Health officials say newly built homes are being constructed in areas that do not promote a healthy lifestyle.
Anna Wright moved from Old Lloyd Road in the sprawling countryside to a newly built townhouse in downtown Monticello. Wright says she loves the convenience of living in the city limits.
Anna Wright says, "I think it's wonderful, everything is within reach. Monticello has some good shops and restaurants. I just love it."
Health officials are trying to get more contractors to build what they call smart communities that include sidewalks and bicycle trials, promoting a healthy lifestyle for residents.
Monday, health officials held a summit at the Opera House to address their concerns.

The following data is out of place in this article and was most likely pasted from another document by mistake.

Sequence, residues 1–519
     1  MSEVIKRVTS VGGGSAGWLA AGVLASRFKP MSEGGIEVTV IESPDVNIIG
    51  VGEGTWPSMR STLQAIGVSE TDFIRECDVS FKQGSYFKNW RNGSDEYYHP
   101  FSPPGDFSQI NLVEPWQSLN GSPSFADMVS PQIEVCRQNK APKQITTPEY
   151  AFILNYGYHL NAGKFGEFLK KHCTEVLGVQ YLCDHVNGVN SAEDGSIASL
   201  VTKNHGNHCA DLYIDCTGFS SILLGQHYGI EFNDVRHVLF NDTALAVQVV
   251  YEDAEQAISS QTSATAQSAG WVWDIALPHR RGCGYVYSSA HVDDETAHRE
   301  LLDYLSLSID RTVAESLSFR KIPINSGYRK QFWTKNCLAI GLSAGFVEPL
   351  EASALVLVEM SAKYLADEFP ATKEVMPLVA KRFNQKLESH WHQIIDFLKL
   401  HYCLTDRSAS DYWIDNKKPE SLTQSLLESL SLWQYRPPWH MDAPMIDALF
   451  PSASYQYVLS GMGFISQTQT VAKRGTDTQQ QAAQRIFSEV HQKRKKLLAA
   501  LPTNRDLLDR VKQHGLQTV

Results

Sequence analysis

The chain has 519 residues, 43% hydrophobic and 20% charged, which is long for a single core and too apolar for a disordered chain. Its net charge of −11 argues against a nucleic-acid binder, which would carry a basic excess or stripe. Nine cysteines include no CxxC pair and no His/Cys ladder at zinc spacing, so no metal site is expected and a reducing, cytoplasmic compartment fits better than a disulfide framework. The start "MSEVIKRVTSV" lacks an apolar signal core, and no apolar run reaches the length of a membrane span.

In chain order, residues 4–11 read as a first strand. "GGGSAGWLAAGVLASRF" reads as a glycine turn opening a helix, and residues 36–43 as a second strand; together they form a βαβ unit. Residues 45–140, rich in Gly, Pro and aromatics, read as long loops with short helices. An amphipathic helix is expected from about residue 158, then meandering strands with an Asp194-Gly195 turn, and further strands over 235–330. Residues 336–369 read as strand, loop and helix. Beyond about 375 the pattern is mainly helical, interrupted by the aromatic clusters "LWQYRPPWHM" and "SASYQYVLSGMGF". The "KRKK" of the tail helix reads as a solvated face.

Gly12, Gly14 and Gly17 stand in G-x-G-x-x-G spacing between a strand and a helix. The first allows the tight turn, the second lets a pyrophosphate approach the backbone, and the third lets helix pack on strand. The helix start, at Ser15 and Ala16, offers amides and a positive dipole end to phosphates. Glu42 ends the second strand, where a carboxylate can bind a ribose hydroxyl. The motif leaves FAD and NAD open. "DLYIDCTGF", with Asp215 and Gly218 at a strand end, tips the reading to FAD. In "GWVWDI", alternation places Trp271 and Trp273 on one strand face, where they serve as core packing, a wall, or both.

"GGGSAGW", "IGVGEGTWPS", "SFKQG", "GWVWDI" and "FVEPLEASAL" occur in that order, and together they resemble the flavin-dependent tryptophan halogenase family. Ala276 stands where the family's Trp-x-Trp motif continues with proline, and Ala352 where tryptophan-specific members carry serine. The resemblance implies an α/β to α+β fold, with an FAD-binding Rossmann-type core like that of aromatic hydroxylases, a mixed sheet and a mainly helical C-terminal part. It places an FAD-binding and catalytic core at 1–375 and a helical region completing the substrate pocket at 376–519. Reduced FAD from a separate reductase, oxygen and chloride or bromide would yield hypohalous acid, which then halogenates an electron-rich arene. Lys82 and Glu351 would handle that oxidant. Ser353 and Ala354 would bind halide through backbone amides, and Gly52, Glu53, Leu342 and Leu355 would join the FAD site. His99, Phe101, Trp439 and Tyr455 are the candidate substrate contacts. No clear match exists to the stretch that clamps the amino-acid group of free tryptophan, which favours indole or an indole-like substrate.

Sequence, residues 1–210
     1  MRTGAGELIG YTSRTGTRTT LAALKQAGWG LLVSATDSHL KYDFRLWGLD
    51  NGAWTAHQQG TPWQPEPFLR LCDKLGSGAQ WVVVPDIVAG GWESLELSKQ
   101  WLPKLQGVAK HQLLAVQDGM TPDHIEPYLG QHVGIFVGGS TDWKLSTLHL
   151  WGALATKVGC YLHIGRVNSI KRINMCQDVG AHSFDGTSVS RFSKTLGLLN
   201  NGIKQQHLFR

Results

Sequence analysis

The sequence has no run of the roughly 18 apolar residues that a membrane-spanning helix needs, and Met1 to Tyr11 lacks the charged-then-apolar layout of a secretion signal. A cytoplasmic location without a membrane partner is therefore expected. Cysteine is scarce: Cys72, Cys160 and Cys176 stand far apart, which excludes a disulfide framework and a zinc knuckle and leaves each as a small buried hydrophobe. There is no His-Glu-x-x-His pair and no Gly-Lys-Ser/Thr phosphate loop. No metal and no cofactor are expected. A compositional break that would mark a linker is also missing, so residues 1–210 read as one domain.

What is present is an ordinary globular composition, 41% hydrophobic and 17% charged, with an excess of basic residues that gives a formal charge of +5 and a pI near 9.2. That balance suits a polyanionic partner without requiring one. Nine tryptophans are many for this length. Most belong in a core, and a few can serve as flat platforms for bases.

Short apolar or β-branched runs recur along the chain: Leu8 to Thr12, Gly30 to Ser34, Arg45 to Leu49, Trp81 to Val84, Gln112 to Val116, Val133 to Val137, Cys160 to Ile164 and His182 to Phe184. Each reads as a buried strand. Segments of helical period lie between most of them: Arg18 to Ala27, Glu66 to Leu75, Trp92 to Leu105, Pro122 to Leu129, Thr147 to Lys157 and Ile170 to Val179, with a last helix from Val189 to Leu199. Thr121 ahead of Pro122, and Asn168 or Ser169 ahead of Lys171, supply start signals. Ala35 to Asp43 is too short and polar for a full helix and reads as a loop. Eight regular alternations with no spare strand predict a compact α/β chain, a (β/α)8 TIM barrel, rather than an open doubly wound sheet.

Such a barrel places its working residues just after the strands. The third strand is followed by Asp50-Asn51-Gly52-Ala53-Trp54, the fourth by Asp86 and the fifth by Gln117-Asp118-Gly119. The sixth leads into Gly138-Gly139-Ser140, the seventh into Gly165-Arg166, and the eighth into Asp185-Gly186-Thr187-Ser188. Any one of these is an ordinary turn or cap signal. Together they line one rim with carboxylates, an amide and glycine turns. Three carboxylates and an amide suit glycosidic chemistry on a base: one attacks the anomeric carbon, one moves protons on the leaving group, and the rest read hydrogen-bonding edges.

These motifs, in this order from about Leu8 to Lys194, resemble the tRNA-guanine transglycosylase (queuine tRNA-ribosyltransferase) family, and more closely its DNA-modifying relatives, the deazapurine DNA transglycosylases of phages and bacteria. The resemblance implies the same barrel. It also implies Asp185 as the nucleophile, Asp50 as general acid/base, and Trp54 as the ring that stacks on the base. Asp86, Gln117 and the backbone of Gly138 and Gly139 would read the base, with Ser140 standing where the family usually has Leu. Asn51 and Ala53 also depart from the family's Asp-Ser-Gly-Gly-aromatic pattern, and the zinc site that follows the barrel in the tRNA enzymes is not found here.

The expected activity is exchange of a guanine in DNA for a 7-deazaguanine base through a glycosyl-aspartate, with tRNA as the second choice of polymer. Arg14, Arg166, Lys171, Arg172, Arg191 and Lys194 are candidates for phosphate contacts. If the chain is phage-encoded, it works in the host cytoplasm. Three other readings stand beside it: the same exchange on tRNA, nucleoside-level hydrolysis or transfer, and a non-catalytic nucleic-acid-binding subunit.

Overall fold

Kim Barnhill, the health director, says, "We feel that can make a tremendous difference in their health. We've looked at portion sizes, we looked at trying to increase physical activity; it's just not enough. We have to start looking at the built environment is doing for people's health.
Dan Burden adds, "We’ve been building for our car, we've been making it impossible to stay active, and the only way to do that is to get to the right scale, which means to lay out neighborhoods the way our grandfathers used to lay them out.”
Organizers are hoping this message will resonate with all in attendance and eventually change the statistics of obesity and health care disparities in the rural area.
Barnhill says Jefferson ranks three in the state when it comes to overweight and obese people. Living in a healthy community will certainly change those statistics.
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